(Vatican Radio) In his address to Catholic charities, MPs and supporters at the annual Caritas Social Action Network parliamentary reception, Cardinal Vincent Nichols, Archbishop of Westminster, focused on the soaring number of homeless people in England and, in particular, the rise in what he termed 'hidden homelessness.' Official figures have revealed that the number of people sleeping rough in England has doubled since 2010 and rose by 30 percent in the last year alone. An estimated 3,569 people sleep on the streets on any one night according to these figures.
Cardinal Nichols described the hidden homeless as "under the radar," saying these are people who may have a job but are sleeping on sofas or spare rooms or in Bed and Breakfast accommodation. Young people in this position may stay with a different friend each night or go to all-night parties to avoid sleeping on the street.
Homelessness charities called the figures "scandalous" and "shocking" and have written to the Prime Minster to urge a new strategy to tackle the issue.
The Cardinal stressed that prevention must be the key priority:
"Family relationship breakdown is a leading contributor to homelessness among single men, and a leading cause of family breakdown is financial difficulty. Then there is the scourge of drug and alcohol addiction. And of course, those without suitable accommodation upon release from prison are the most likely to find themselves on the streets, back in its vicious cycle."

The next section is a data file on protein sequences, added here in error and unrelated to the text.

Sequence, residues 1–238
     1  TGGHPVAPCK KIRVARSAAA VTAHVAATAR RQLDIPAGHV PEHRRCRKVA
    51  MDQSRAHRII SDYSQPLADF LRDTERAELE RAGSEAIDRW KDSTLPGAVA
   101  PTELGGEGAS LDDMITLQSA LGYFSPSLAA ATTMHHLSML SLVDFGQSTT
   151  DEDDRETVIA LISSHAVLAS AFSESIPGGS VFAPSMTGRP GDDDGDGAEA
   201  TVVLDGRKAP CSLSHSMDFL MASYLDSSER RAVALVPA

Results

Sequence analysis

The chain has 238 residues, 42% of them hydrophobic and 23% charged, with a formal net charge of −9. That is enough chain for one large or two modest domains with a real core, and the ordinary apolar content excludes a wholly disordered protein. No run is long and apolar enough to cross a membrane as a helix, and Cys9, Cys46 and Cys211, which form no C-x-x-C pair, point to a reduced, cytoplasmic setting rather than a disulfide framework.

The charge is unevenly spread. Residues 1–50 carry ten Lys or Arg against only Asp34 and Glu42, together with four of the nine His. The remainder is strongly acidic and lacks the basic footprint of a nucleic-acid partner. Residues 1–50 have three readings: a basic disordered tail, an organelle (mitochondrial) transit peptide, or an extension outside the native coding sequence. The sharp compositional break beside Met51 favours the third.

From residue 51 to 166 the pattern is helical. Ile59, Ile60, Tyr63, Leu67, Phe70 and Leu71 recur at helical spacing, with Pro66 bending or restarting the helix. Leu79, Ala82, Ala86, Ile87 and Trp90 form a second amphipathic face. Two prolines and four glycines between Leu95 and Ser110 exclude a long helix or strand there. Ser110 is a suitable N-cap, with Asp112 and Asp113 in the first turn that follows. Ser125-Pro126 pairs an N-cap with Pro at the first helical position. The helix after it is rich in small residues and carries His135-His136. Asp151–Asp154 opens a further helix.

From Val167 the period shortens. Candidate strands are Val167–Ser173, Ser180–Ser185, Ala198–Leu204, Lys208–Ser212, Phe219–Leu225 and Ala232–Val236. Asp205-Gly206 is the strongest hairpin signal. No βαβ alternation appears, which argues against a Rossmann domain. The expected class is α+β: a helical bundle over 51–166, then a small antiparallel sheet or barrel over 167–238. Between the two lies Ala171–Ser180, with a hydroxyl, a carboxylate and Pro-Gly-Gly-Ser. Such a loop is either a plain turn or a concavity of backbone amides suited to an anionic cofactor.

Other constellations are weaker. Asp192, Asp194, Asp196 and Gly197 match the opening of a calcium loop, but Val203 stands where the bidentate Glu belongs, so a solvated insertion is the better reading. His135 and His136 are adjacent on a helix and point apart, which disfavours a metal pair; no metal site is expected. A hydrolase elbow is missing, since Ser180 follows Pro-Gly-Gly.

He also commended the contribution of Catholic charities and parishes:
"All over England and Wales, parishes and Charities offer a range of support to people who are homeless: from extensive skills training, counselling, hostels and move-on accommodation, to simply offering a hot meal and clothing to those with nowhere else to turn. Indeed, in Westminster Diocese we calculate that in our parishes over 4 million hours of volunteers’ time are given every year."
Cardinal Nichols also stated that the Church stood ready to engage in greater partnership with government, central and local, in order to truly serve the common good - the good that omits nobody.
Finally, the Cardinal spoke about the link between imprisonment and homelessness referencing an "urgent crisis" in prisons in England and Wales with escalating levels of violence, suicide, self-harm and assaults on staff.
Reaffirming his call for prison reform, Cardinal Nichols concluded by launching a new Bishops' Conference document on the subject:
"I am delighted to launch our latest document on prison reform. It is called 'The Right Road'. Drawing on expertise from Catholic charities, chaplains and experts working in this field, it makes recommendations for reform, giving the Church a clear voice in this important work.”